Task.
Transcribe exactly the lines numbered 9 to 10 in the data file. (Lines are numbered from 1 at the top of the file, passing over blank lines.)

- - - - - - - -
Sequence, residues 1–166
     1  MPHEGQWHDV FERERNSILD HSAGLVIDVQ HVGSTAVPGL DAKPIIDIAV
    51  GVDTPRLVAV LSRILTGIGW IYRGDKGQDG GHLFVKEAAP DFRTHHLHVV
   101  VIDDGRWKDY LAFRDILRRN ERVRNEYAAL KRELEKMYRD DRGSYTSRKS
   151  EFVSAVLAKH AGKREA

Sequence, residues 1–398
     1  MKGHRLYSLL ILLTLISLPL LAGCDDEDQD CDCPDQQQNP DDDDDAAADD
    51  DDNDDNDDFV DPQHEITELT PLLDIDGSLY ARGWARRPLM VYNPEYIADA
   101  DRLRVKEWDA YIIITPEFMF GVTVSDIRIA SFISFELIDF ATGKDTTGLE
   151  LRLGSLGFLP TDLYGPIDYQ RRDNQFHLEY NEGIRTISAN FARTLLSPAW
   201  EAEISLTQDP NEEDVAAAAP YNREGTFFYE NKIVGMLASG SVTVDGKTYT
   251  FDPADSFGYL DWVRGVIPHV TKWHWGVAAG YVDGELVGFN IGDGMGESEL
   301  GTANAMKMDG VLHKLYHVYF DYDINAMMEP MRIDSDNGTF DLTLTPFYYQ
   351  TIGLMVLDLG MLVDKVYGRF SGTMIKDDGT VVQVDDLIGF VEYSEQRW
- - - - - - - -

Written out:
   101  DRLRVKEWDA YIIITPEFMF GVTVSDIRIA SFISFELIDF ATGKDTTGLE
   151  LRLGSLGFLP TDLYGPIDYQ RRDNQFHLEY NEGIRTISAN FARTLLSPAW